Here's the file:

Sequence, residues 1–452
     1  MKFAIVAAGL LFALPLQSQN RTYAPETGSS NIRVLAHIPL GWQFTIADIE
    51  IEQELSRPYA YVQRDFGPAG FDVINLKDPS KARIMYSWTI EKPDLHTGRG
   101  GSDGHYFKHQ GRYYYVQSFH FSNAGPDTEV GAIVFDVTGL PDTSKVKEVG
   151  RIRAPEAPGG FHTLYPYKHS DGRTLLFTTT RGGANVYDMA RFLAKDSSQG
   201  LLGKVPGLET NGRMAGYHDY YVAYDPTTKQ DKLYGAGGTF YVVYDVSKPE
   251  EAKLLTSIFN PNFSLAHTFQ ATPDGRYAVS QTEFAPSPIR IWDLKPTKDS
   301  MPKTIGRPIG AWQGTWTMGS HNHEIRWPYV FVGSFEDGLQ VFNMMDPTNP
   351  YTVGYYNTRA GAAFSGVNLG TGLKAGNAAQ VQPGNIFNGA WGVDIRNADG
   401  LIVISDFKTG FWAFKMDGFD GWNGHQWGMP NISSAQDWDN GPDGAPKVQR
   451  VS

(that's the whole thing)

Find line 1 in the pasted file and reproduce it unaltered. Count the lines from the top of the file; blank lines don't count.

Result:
Sequence, residues 1–452